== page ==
This is not a review of the new ABC show Outland. It’s only aired a third of the episodes at my time of writing, and I’m enjoying them so far, but I’m not reviewing it here. I think it’s good – if you have some similar tastes as me, you might like to try it (check out the episodes so far on iView). But this is not a review. Instead, Outland has inspired me to think a bit about fandom.
According to some people in the Australian spec fic community, I’m not a fan. I’m not quite sure what that means, exactly. I’ve liked fantasy (and to a lesser extent, science fiction and other related genres) books and movies since I was a kid. I became hardcore about my preferred reading genre when I was about nineteen, and for many years, read exclusively in spec fic. I did assignments at university on Anne McCaffrey, David Eddings, Raymond E Feist, Seaquest DSV and Terminator 2. I helped start a small press magazine ten years ago, devoted to furthering the prominence of the genre in Australia and overseas and to providing a market for writers and artists who might not otherwise have an outlet for their work (I didn’t get paid for the thousands of hours of work I put into the magazine. Volunteering for passion = fan?). I started my own indie press and have worked with others in the same field in many ways, for the same reason. I have been reviewing and judging for almost as long as I’ve been publishing. I’ve helped run a convention. I’ve spoken on panels and dressed up for book launches. I’ve become addicted to writers, tv shows and film franchises. If that’s not what being a fan is, well…
Artwork by osmosis8 on Deviant Art
And I think that brings me to my point; the point of this post. You want to know what the coolest thing about fandom is? I think it’s the same as the coolest thing about humanity. Diversity. I’ve seen some criticism by people in fandom saying that Outland is not representative of fandom. Or it’s poking fun at fandom. Or is too generic about fandom. I find that position so very odd, because fandom, like humanity, infinitely diverse. We are all people, and hence we are all completely different. We might have points of commonality. I might love Doctor Who, but my love of the show manifests differently from your love. I might write DW fanfic. I might not. I might cosplay DW characters. I might not. I might create DW fanart. I might not. I might write reviews of DW episodes to spread the love. I might not. But what’s cool about my love of Doctor Who is that even though it might be different from yours, it still makes both of us fans.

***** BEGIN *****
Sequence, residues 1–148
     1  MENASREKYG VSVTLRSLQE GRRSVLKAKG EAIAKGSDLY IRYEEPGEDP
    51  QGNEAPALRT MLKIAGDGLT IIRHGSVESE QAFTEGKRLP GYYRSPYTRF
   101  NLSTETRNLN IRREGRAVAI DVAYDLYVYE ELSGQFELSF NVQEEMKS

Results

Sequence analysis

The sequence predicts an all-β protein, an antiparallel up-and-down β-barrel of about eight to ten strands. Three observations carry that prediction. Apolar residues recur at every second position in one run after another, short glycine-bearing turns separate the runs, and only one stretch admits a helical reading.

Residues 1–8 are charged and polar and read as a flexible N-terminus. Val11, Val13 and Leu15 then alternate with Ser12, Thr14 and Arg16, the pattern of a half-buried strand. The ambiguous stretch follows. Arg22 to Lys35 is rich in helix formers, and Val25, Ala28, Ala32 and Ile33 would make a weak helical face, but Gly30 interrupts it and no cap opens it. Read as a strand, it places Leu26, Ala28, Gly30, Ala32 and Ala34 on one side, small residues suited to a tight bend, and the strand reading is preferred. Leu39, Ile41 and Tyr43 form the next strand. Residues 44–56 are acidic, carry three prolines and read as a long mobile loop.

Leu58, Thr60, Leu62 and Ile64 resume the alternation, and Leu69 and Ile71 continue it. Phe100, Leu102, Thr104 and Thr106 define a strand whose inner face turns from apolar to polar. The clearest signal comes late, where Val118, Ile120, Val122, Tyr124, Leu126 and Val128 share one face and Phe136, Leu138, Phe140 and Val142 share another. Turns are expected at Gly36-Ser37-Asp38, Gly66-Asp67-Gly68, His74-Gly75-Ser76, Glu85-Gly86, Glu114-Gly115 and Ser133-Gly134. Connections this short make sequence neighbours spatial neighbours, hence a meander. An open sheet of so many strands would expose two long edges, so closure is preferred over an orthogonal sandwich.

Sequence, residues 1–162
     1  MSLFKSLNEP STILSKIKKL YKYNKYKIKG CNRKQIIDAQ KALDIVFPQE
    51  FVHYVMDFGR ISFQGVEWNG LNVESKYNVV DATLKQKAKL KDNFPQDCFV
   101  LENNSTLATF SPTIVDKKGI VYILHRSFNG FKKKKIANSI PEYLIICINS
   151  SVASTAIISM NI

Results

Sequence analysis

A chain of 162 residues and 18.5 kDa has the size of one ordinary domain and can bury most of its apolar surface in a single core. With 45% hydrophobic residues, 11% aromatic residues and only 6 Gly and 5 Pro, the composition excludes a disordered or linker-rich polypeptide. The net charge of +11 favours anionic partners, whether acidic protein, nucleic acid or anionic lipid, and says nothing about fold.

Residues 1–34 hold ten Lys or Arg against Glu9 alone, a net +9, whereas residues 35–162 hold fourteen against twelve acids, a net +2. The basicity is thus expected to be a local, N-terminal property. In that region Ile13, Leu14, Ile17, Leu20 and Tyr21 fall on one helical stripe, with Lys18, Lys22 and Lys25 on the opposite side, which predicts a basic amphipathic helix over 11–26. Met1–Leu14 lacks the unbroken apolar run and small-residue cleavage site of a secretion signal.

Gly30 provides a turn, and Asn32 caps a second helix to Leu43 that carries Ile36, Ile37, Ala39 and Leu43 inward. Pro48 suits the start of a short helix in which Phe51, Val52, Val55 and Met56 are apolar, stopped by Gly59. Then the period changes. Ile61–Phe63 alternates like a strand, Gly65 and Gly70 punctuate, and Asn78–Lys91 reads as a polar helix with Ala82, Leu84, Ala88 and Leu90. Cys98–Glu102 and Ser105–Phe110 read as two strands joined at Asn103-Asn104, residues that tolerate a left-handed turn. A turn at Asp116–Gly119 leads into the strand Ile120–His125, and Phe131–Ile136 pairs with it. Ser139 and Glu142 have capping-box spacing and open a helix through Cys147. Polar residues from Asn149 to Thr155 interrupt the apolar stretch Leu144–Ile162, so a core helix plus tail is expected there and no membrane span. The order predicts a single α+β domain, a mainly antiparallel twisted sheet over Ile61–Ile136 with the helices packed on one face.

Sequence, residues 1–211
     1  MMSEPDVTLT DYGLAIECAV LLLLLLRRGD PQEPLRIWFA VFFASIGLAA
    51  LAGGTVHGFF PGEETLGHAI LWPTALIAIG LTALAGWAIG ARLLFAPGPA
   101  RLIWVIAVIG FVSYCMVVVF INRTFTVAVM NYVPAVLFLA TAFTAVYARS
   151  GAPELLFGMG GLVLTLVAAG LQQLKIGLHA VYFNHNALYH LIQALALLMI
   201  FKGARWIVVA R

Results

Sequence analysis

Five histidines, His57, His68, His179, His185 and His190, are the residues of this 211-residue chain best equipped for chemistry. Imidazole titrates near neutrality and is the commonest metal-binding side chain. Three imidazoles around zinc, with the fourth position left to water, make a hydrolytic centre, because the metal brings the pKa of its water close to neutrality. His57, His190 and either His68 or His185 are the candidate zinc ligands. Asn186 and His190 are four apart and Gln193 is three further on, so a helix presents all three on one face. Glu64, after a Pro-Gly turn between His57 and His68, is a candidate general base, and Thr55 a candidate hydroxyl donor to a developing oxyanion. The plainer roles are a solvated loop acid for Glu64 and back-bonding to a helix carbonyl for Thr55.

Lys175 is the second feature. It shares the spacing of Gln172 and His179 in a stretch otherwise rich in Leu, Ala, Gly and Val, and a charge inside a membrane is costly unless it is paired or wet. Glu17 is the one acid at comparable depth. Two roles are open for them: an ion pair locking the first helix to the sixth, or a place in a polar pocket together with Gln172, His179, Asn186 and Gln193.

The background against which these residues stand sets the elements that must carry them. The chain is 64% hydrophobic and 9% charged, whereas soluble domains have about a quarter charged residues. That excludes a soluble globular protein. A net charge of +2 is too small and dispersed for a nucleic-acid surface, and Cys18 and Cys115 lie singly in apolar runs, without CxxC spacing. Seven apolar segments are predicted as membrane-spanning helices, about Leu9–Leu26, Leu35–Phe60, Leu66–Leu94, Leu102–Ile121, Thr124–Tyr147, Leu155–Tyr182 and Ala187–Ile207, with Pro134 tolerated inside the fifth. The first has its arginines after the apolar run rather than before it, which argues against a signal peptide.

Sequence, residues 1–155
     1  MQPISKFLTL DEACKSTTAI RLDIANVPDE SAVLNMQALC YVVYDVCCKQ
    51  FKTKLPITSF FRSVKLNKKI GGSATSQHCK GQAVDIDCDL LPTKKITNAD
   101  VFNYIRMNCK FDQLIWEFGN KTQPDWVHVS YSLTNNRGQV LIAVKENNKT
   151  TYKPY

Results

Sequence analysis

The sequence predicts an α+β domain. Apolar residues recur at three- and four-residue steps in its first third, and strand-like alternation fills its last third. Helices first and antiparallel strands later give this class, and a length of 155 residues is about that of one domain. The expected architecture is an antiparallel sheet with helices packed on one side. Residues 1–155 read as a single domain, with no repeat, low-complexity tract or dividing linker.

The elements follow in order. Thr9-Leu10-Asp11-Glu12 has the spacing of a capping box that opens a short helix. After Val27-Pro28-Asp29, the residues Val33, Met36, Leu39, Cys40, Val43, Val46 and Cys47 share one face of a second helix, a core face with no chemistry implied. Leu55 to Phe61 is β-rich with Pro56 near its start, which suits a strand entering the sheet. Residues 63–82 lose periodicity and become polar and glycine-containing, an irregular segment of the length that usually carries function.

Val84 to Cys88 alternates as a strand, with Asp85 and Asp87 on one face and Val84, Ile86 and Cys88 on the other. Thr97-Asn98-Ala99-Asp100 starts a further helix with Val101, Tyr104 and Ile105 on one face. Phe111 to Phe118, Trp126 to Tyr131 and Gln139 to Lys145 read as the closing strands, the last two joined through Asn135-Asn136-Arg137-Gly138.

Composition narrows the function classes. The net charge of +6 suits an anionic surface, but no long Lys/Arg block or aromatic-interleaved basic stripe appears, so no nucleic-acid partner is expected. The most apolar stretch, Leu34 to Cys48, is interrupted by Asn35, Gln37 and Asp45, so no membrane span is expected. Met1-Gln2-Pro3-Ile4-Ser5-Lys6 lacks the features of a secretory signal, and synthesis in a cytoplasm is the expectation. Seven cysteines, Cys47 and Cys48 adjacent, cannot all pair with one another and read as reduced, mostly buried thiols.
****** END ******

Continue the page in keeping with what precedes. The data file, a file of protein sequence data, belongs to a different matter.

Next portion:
Fandom is made up of hundreds, probably thousands, different points of commonality. You might be an SF film fan, or an anime fan, or a podcasting fan, or a Twilight fan, or a big fat fantasy fan, or a comic fan, or a Whedon fan, or a Fringe fan, or any one of, or combination of, so many different individual fandoms. You might be an extrovert fan or an introvert fan, a cosplayer, a fanfic writer, a fan film maker, a volunteering-type fan or an academic-type fan. We’re all different, but our points of commonality (even that one very central point that we all are mad about something geeky!) are what make us a community. Which is why it makes me sad that people within this community are sometimes not willing to accept that just because others don’t fit their own personal view on fandom, doesn’t make them any less fans.
Picture from Qwertee
The characters in Outland may or may not be over the top (personally, I have met fans in real life who are a lot like each of them – there’s very probably a little bit of each of them in me!). They are fictional creations, written by people who are fans themselves (and who thus actually have experienced fandom in all its glory), and they are not MEANT to be representative of every fan. However, I think that what they do well is represent some ASPECTS of fandom. Again, not all, because you can’t possibly do that in a six episode show (or probably in six THOUSAND episodes!), but some. The creators of Outland have made a show with science fiction fans at the heart of it, which I think is pretty cool, and I’m glad that it’s out there, showing even a small part of what fandom is to those who have never experienced it. You don’t have to love it, just like you don’t have to love every part of every fandom. But being accepting is nice. It’s okay for us all to be different, and for us all to like different things. That’s what makes us human.